Relocating also seems to have done nothing to dampen Margaret’s enthusiasm for dreaming up imaginative names for her pets. It’s true that she seems to have been struck by a lack of creativity when picking the name Leo for a particularly lion-like specimen. But she soon returned to form by taking inspiration from the Old Testament names given to her pets in Pennsylvania – a ‘saffron chest[ed]’ half Siamese named Reuben soon joined the brood.

A black and white photograph a woman sitting on the front steps of a house looking at a cat which sits to her left.
Sheila Lockett relaxes on the steps of Canna House with Reuben (taken by Margaret Fay Shaw c1950–69 ©National Trust for Scotland, Canna House)

Perhaps it was also whilst flicking through the pages of her bible that she settled upon the name Satan for a sleek black Tom. The hellish origins seem not to have bothered Father Rutledge, the priest of Canna’s St Edward’s Church, who is photographed cuddling the malignant moggy.

A colour photograph of a priest holding a black cat with green eyes. The priest is bald and wears glasses and a black coat.
Father Rutledge getting friendly with Satan in Canna House Garden (taken by Margaret Fay Shaw in 1956 ©National Trust for Scotland, Canna House)

Having a large house and plenty of land to herself also allowed Margaret to begin breeding Siamese cats, which is where the second star of the endless parade of cats comes in. Though John and Margaret loved all members of their growing tribe of felines, by far their favourite seems to have been Pooni. Amongst the hordes of Canna cats, Pooni is one of the most recognisable. The regal Siamese had a bent right ear, which made him easily distinguishable from the rest.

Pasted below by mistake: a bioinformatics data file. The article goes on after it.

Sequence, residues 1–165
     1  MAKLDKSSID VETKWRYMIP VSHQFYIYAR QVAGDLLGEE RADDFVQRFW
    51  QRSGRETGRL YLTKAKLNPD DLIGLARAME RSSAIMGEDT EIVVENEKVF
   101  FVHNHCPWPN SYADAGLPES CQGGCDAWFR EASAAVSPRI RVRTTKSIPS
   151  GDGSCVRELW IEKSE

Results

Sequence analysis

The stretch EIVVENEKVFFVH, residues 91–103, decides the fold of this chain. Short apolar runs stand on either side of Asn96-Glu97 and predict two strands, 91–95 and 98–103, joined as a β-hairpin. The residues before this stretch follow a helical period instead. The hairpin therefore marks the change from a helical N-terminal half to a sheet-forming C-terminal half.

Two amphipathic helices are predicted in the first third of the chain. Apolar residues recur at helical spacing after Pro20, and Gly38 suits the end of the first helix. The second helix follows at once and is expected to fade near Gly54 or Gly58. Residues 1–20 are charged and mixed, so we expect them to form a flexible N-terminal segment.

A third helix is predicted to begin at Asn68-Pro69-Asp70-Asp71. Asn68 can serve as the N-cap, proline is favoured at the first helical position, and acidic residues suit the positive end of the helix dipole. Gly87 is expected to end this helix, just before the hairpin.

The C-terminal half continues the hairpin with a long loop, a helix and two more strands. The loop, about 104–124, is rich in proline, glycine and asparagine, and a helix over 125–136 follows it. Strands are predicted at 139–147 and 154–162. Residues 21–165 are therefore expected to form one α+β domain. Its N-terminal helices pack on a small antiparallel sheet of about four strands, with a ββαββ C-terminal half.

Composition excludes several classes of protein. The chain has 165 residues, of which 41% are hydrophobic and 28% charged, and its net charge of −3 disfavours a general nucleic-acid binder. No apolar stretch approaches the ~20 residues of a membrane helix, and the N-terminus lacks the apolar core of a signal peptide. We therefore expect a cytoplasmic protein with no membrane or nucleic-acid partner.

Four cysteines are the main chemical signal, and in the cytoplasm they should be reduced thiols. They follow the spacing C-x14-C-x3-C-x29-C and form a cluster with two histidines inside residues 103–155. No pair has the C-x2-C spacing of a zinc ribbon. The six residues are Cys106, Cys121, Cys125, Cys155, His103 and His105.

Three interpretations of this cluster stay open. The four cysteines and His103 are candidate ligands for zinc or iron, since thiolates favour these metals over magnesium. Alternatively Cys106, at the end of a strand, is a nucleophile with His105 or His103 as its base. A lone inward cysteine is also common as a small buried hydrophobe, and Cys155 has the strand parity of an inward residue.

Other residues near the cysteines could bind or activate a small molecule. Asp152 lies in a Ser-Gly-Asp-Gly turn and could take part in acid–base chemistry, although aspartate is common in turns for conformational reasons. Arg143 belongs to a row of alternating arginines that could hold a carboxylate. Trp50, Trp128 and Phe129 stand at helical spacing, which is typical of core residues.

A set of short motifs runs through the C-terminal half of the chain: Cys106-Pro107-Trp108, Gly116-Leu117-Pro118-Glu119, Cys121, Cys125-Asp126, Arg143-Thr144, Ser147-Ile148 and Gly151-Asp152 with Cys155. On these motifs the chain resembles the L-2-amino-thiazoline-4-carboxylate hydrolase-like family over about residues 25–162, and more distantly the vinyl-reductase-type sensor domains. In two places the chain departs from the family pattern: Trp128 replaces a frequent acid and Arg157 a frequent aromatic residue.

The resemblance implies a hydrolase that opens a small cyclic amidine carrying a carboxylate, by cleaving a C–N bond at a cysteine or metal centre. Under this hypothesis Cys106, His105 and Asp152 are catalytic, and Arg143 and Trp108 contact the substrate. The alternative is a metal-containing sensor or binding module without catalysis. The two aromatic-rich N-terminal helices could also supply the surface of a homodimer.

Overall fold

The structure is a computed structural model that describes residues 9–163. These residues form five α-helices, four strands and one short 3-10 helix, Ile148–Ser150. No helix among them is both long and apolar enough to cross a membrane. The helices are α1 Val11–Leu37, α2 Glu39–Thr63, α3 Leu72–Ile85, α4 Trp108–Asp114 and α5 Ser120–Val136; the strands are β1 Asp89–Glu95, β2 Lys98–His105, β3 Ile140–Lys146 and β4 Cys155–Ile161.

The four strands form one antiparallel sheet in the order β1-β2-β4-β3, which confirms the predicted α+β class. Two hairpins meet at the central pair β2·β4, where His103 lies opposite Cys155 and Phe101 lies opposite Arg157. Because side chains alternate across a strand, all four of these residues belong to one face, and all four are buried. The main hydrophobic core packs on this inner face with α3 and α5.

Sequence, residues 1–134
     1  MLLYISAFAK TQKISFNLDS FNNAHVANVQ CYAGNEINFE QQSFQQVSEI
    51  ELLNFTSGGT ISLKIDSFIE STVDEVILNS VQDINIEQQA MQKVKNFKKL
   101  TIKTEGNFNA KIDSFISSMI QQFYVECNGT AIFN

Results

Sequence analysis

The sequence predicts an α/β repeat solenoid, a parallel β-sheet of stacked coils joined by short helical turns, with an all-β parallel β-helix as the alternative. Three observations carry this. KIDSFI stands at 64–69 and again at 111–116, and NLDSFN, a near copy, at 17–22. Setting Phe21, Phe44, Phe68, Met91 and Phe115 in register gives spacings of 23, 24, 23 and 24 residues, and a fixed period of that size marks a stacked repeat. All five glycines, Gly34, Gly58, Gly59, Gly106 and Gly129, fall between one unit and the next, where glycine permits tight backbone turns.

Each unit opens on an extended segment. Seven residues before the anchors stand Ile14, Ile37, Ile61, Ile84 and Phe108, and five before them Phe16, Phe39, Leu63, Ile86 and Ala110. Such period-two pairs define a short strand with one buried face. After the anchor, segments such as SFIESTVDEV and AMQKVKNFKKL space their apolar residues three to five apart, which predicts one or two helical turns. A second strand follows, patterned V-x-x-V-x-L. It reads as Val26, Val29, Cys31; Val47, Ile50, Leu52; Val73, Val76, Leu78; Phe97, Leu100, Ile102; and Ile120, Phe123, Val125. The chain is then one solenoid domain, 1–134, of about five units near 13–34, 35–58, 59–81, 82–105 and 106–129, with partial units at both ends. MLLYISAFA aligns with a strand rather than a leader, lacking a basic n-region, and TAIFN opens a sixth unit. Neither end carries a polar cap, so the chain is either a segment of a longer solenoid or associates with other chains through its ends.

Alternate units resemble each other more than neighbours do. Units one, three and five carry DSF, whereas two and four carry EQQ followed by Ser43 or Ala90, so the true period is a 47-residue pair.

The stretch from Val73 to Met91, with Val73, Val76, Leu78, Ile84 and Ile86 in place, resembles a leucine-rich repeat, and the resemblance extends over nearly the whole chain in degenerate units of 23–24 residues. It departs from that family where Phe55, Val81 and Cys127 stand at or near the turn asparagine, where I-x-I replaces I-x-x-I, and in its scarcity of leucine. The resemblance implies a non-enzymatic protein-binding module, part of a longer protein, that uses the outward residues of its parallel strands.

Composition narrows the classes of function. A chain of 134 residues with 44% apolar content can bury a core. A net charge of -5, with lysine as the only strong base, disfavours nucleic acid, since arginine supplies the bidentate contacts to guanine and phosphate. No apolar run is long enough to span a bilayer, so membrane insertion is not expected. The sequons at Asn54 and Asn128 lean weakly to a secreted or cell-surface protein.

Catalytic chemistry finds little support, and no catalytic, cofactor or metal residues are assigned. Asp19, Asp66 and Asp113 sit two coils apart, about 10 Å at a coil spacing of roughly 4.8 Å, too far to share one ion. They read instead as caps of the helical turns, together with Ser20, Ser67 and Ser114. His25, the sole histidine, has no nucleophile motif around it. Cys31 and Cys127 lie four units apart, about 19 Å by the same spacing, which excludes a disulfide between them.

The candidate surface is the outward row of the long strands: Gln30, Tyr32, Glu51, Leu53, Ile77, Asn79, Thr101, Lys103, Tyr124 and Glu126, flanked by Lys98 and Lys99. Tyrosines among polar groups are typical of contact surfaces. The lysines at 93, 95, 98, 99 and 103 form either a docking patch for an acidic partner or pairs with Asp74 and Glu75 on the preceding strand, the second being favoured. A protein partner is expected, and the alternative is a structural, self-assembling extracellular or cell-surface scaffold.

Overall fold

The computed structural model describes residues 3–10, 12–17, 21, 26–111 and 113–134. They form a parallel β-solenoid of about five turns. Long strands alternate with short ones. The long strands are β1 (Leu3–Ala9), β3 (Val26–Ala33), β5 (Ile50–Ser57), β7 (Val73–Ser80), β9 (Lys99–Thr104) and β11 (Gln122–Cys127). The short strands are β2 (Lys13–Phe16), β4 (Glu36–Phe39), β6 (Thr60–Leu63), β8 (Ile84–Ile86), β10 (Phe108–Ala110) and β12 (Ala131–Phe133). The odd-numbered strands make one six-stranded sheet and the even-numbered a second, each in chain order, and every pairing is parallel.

A black and white photograph of a Siamese cat sitting on the floor. He has a dark face, paws and tail and his body is white.
The much-loved Pooni, with his distinctive folded ear (taken by Margaret Fay Shaw c1938–56 ©National Trust for Scotland, Canna House)

In her autobiography, Margaret also notes Pooni’s ‘deep blue eyes’ and his ‘thick and soft’ coat. His fur was certainly attractive enough to catch the eye of a visitor to the island. Margaret remembers hosting an unnamed Canadian woman who – after attempting to book a room at Canna House, believing it was a hotel – noted that Margaret owned a large number of cats. Margaret replied that she bred and sold Siamese kittens. The visitor, running her fingers over Pooni’s coat, then felt it was appropriate to reply that Margaret would make more money if she skinned the cats and sold their pelts. We don’t know what reaction she was hoping for, but Margaret left the room without a word, thinking to herself:

I would nail her [the visitor’s] own hide to the barn door before I would skin a cat …

In 1956, rather than being sacrificed to clothe an ill-spoken visitor, Pooni passed peacefully due to natural causes. To honour his memory, John Lorne Campbell penned this eulogy to his beloved pet:

Pooni! Now you have gained Elysian Fields
Where perennial catnip carpets every glade
And every limpid fountain rich cream yields
While foolish rabbits scamper in the shade
Now you have wow'd your last wow
Roll'd over your last roll
Hook'd your last piece of cheese
And broken your last plate
Raided the larder once for all
Taken your ease Upon the warmest lap, enthroned in state
What will endure for us, in memory
Of friendship, playful elegance and grace
And so we bid you, all of us, farewell

No other cat can take your place ...

The last of the descendants of Margaret and John’s cats joined Pooni in the Elysian Fields in 2016. However, visitors to the island today can still catch a glimpse of a very different kind of Canna cat.

Read this article from Canna House Manager and Archivist Fiona Mackenzie to find out more!

The Morton Charitable Trust has been funding fieldwork on the National Trust for Scotland’s photographic collections since 2014. In 2018–19, this work will further raise the profile of the collections through research, articles, talks and dedicated projects. The project will also involve the digitisation of the Margaret Fay Shaw photographic archive of mid-20th-century Hebridean life, leading to an updated database with high-quality images.